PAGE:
Are you planning to visit Germany soon, and have you been wondering about the legal drinking age in Germany?
I have created a table as an overview with the different age groups and alcohol types.
Table of Contents
📕 How is the Legal drinking age defined in Germany?
The legal drinking age applies to the age a person, when they can legally purchase and/or consume alcohol in public in Germany.
The laws are regulated by the Jugendschutzgesetz (JuSchG), which is the youth protection act.
Therefore, the legal alcohol consumption is regulated and restricted in public by the German Government but remains unregulated in private places in all German states.
Austria, to compare, has regulated drinking laws in private properties for different regions, while Switzerland has chosen a lax approach by not forbidding the consumption of alcohol to minors for private and public use.
Drinking in public is a normal practice in Germany and the current drinking laws promote a sense of responsibility among teenagers.
🚦 Legal Drinking Age Table
I think this table makes for a good overview of all the restrictions on alcoholic beverages between the various age ranges.
The penalties apply to people in Germany, but also to young people visiting Germany.
Vendors of public selling points, will ask for proof of age, and you will have to show them your legal ID card such as your passport or a driver’s license.
|Age||Legal Drinking Laws||Alcohol Level in %|
|below 14 years old||Can not legally drink alcohol in public. It is the duty of the parents to look after the safety of their children.||NA|
|14 years and older||Can drink with legal guardians or a custodial person (i.e., presence of their parents) only beer, wine and sparkling wine in public places. It is the duty of the parents to control alcohol consumption.||up to about 18 to 20%|
|16 years and older||Can purchase legally beer, wine and sparkling wine at a bar, restaurant, festivals, or in a grocery store.||up to about 18 to 20%|
|18 years and older||Can purchase legally distilled alcohol, i.e., hard liquors and spirits, such as gin, vodka, whiskey, rum, alcopops (Bacardi Breezer, Smirnoff Ice) and Schnapps at a bar, restaurant, festicals or in a grocery store.||More than 40%|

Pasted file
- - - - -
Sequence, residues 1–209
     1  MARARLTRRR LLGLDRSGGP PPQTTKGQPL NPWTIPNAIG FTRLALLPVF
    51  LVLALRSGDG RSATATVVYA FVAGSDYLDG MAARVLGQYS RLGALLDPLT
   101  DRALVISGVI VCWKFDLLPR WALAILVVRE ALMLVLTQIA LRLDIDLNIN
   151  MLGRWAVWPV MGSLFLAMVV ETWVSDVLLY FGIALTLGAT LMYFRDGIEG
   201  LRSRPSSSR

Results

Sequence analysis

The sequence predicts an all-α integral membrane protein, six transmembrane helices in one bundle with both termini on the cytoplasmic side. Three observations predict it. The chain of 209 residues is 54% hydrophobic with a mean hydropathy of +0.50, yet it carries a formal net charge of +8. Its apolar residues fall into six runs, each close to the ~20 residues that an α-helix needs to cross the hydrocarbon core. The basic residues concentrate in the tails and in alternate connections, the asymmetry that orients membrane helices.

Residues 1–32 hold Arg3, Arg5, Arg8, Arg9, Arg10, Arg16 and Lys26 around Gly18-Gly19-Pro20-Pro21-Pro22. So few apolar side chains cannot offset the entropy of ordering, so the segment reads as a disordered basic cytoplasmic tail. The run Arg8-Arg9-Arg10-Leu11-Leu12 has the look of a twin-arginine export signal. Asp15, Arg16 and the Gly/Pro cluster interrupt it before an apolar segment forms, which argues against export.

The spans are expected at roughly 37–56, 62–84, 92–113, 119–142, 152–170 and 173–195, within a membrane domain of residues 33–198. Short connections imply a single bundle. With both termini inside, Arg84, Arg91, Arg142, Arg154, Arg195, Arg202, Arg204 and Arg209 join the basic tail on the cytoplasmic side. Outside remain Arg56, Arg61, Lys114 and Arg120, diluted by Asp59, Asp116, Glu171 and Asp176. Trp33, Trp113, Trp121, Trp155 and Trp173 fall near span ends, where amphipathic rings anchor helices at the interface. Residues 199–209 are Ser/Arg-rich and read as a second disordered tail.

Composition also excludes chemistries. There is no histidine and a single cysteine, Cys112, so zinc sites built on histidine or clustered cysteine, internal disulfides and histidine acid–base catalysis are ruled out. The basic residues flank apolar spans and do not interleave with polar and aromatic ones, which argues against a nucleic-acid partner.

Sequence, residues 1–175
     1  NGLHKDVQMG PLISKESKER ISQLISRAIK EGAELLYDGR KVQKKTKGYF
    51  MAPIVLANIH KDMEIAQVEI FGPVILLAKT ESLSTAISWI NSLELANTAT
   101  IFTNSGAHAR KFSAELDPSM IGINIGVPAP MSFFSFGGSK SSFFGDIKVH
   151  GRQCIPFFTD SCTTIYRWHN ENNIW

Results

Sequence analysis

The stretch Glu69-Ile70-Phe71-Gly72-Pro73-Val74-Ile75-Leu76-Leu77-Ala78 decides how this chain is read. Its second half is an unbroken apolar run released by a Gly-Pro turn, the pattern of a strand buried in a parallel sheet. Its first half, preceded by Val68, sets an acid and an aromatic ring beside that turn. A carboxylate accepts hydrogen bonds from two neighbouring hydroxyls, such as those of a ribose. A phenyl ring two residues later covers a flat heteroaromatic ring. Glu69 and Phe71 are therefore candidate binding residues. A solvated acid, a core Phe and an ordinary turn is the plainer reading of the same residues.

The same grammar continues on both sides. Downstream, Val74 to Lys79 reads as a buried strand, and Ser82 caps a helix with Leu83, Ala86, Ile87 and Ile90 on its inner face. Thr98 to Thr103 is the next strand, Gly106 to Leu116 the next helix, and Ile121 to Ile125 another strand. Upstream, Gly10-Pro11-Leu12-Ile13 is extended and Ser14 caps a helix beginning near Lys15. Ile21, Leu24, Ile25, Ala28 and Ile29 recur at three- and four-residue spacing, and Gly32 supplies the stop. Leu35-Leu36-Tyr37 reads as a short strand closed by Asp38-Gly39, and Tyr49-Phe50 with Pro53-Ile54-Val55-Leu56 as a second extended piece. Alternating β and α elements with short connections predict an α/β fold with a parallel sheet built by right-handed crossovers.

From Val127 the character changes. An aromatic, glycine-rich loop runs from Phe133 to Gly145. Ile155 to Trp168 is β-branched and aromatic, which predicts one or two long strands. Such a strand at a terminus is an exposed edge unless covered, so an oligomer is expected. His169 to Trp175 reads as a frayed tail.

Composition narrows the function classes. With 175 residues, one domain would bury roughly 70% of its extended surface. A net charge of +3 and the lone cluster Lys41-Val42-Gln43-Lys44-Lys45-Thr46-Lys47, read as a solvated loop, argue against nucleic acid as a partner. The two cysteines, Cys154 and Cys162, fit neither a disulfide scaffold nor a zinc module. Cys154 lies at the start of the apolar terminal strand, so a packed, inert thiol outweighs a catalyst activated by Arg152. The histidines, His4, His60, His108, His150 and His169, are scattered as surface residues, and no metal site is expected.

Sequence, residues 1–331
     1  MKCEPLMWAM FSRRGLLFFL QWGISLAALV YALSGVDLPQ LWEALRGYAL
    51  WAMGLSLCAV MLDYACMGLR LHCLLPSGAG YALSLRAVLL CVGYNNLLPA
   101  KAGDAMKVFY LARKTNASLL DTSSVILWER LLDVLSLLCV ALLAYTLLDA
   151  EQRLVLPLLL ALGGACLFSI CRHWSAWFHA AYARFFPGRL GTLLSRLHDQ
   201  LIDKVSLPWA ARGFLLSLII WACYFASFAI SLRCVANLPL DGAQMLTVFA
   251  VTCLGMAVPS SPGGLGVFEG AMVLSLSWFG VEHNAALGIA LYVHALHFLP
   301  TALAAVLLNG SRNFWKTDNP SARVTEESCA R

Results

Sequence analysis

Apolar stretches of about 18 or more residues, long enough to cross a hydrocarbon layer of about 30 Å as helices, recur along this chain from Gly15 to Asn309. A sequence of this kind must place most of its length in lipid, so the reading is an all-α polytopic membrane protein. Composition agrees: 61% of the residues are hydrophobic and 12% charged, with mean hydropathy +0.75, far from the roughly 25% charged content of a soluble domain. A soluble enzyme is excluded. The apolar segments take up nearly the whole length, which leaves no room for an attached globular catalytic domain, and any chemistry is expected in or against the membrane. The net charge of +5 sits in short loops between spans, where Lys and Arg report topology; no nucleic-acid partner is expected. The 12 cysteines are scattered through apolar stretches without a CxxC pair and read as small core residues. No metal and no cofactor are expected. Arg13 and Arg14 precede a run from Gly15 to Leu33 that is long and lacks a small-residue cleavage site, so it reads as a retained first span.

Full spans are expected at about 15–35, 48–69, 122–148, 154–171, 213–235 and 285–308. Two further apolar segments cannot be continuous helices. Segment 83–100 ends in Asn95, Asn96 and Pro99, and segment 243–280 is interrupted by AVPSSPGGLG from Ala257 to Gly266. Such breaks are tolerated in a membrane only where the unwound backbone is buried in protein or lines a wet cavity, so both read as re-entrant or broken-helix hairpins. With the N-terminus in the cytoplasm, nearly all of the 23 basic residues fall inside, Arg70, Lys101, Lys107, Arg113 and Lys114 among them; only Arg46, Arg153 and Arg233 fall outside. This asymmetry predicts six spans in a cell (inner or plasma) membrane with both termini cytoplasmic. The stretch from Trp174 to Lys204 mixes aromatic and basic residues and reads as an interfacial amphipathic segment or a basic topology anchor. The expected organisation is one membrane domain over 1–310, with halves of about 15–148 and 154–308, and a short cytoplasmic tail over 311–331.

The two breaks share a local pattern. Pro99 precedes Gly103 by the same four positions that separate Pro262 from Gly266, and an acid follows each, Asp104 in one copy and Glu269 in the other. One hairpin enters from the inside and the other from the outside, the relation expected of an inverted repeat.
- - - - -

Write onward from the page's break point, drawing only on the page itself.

Generally speaking, children and teenagers at a tender age have no business drinking beer, wine or, god forbid, strong spirits.
Alcohol strongly affects the development of children of all ages, and you should always keep that in mind!
🍾 Why are Alcopops considered Hard Liquor in Germany?
Be aware that alcopops such as Bacardi Breezer and Smirnoff Ice contain less alcohol percentage, but that these have been placed under the hard liquor section.
Alcopops appeared for the first time in the 2000s when we started to go out as teenagers, and back then they were poorly regulated.
Most European governments have imposed higher taxes on alcopops, and Germany set up a prohibition of sale to people younger than 18 years in 2004.
The sweetness masks the alcohol taste, making them taste just like alcohol-free flavored soda pops. This resulted in many accidents and drunken misbehavior, which is due to the high sugar content in this type of drink.
Sugar gets absorbed faster through the bloodstream, and this in turn will get you drunk faster. Especially if you sit and drink and suddenly decide to move. Read more about the science of alcohol absorption.
I learned my lesson back then, but I’m glad that these misleading alcopops are better regulated now.
💡 More Related Tips and Facts
- The legal age of maturity is 18 years in Germany and other neighboring countries in Europe. That means you are considered an adult at the age of 18.
- Drunk driving is prohibited in Germany. The punishment depends on the severity of the drunk driving offense. You can have your license suspended for a month, or you will be heavily fined. The amount of alcohol in your blood is measured with a breath testing kit.
- The legal driving age is 18 years in Germany. Only L17 learners in Germany can drive earlier, at the age of 16.
- The laws in Germany align with neighboring EU countries such as the Netherlands, France, Luxembourg, and Poland to just name a view.
- It is ok to refuse alcohol at a social gathering in Germany. Ask for soda pops or alcohol-free beer or wine instead. Alcohol-free drinks are commonly available in all bars and pubs.
What are fermented “soft” liquors?
Soft liquors are fermented and contain less alcohol percentage. This includes beer, ale, wine, cider, vermouth, sparkling wine such as champagne, prosecco and crémant. Furthermore, Radler (aka shandy) can be included here. These alcohols are only fermented and not distilled, and therefore the alcohol content ranges between 4% and 18%.
What are distilled hard liquors or spirits?
Hard liquors or spirits are fermented and then single or double distilled liquors. This includes Vodka, Gin, Whiskey, Schnapps, Ouzo, Fenny, Rum, Soju, Tequila, Brandy (i.e. Cognac), Absinthe, and Mezcal among others. The alcohol percentage surpasses 40% in hard liquors. Alcopops such as Bacardi Breezer and Smirnoff Ice also fall into this group.
Can you drink in public in Germany?
Drinking in public is sociably acceptable and very normal in Germany, as it’s part of the tradition. Some good examples include the beer culture at the Oktoberfest in Munich and the wine drinking on the old bridge in Würzburg.